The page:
Apr/May 2020 Nonfiction

Point of Departure

by Warren Merkel

Multimedia painting by Janet Bothne

Multimedia painting by Janet Bothne

Each morning, I ready my five-year-old daughter, Haesol, for kindergarten. This is in the waning days of August 2018. By 7:30 AM I have buckled her into our station wagon, a 2005 Subaru Forester wounded with the dings and rust and 116,000 miles its first two owners bequeathed to my wife and me.

In no time Haesol wants to ride one of the long yellow buses that deposit a crush of students each morning at the steps of the school. A bus rigged with bench seating and no safety belts that screams down the highway. My wife and I compromise: we take her to school; she takes the bus home.

The drive to school is largely uneventful. Any semblance of thrill is unveiled in the first few minutes when we leave Iowa City and merge onto I-80. If there's a deer carcass strewn across the breakdown lane, as a rule, I hold my head straight and clutch the steering wheel; if Haesol sees the deer, I suspect we'll talk about death and God before the first bell. Most mornings we pass a knot of semis, dwarfing our station wagon. Their proximity jostles the Forester, and through her window Haesol can spy the underbelly and count the 18 wheels as they rumble past. In autumn, once the trees are stripped clean of their foliage and the ground is dusted white, we scout vehicles belonging to hapless drivers who lost control in a storm. Some languish for days in the embankment along the interstate.

During one of our drives, on an otherwise unremarkable morning, the dial was tuned to Iowa Public Radio, and in the few minutes of airtime I managed to poach before Haesol requested one of her CDs, my ears pricked up to a story about Kevlar-fortified backpacks. My thoughts surged to Haesol's schoolyard playground, beyond which lies an infinite expanse of farmland. I had always found the image reassuring, as if a gunman wouldn't dare change the lives of a community in a setting so bucolic and tranquil. But this setting is American... and therefore vulnerable.

Our exit is number 247, Herbert Hoover Highway. We drive down country roads until we reach an intersection. Ahead, a dirt road forms. To the right is the elementary school Haesol will attend until mid-December, when we pull her out.

My family and I moved to Iowa City in 2013 for me to begin a doctoral program in foreign language and ESL education. In 2017 and 2018, as I was writing my dissertation, I submitted 58 job applications. The lion's share were for university positions in the US. Three Skype interviews ensued; none panned out. This didn't surprise me. I wondered if they sensed the internal badge of phoniness I couldn't seem to shed—I was 44, late to the game, and figured I was up against candidates who, if not more qualified, were younger and less circuitous in the route they had taken to their doctoral programs. To my chagrin, I have stared wide-eyed at CVs of similar-aged colleagues of mine whose list of publications and presentations is longer than my entire CV.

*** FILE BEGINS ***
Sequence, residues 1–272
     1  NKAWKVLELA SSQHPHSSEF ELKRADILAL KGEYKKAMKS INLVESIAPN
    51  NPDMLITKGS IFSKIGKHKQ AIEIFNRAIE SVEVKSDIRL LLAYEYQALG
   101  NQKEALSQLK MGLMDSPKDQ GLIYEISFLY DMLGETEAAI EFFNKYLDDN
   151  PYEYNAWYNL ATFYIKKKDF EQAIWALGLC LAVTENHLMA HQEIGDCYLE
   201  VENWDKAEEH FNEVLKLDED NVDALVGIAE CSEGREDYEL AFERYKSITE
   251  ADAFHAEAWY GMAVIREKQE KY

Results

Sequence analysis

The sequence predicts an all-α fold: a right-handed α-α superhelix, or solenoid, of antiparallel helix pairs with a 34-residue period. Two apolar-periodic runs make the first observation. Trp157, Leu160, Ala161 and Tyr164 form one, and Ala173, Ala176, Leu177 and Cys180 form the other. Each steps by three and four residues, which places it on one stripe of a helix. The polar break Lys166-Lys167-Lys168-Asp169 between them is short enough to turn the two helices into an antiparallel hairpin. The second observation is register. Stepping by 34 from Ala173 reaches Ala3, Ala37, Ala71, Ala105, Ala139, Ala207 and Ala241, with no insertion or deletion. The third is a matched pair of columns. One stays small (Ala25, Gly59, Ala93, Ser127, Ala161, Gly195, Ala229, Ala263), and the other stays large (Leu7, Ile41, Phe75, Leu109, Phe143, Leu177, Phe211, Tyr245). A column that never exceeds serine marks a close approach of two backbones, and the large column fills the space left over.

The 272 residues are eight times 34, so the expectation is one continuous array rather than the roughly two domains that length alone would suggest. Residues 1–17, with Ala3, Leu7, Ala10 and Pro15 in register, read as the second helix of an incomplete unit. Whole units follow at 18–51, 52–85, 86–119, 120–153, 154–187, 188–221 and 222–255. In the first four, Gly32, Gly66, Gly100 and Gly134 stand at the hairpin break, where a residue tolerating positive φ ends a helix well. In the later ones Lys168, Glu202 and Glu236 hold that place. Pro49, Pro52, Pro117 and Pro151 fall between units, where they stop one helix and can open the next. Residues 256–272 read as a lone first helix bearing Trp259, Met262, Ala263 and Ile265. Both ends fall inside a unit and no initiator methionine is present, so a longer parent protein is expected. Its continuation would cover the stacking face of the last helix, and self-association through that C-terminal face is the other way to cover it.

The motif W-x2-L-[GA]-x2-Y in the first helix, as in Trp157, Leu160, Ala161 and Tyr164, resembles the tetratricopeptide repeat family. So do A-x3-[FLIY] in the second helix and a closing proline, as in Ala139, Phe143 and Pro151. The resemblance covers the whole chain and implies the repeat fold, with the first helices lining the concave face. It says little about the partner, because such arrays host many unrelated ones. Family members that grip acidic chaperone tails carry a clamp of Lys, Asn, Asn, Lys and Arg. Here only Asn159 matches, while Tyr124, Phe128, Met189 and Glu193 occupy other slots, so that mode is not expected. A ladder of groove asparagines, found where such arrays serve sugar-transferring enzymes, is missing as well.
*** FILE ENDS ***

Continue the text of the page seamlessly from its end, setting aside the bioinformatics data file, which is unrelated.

On a spring day in 2016, as I was halfway through my program, Alexander Kozak parked his car outside the Coral Ridge Mall in Coralville, Iowa. He crossed the parking lot and entered the mall, where he shot Andrea Farrington three times in the back. He had worked as a security guard in the mall; the two had not been lovers but had exchanged text messages for some time. Police would later find knives, hatchets, and boxes of ammunition in Kozak's car. One witness described Kozak as possessing an "eerie calmness" to him as he left the crime scene.

By chance, the next day I drove by the empty parking lot, cordoned off by police. I wondered where Kozak had entered the mall. Had it been by the merry-go-round Haesol loved to ride? Had he murdered Farrington in front of one of the toy shops Haesol liked to visit? Maybe she had been on her way to the Iowa Children's Museum, where she had worked for six months, where Haesol had played for hundreds of hours over the past two years.

In August 2018, a junior high school boy was charged with attempted murder after he pulled the trigger of a loaded .22 caliber handgun at his teacher; it failed to discharge and the teacher wrestled it from his hands. A few months later, a boy attending one of the city's public high schools brought a loaded bb gun in his backpack.

Each of these events had transpired in Iowa, a flyover state that conjures images of John Deere tractors, American Gothic, baseball in cornfields. Iowa's public schools now offer active-shooter drills, perhaps so the state can keep pace with the country's ever-changing landscape.

Of the 12 jobs I applied for abroad, I received three offers. One of those offers came from a university in Trondheim, Norway. Enthralled, my wife and I would begin to read. We learn Trondheim has just under 200,000 residents and is the country's third most populous city. It is but a dot along the 81 miles of coastline of the Trondheim Fjord. The average daily temperature of its hottest month, July, is 59°F. We think of the Northern Lights, of the World Happiness Index, of snow and trolls and Vikings. We consider the healthcare system, the education, the welfare of our family. We go.

Prior to our departure, my thoughts swing to the brutal and almost inconceivable tragedy that Norway suffered on July 22, 2011, when Anders Breivik set off a car bomb in Oslo, killing eight and injuring 209, before ferrying to Utøya Island, where the AUF, the youth division of the Norwegian Labor Party, was hosting a summer camp. Shortly after arriving, Breivik began shooting. By the time he had exhausted his ammunition, he had killed 69 people, committing the deadliest mass shooting by a lone perpetrator in history.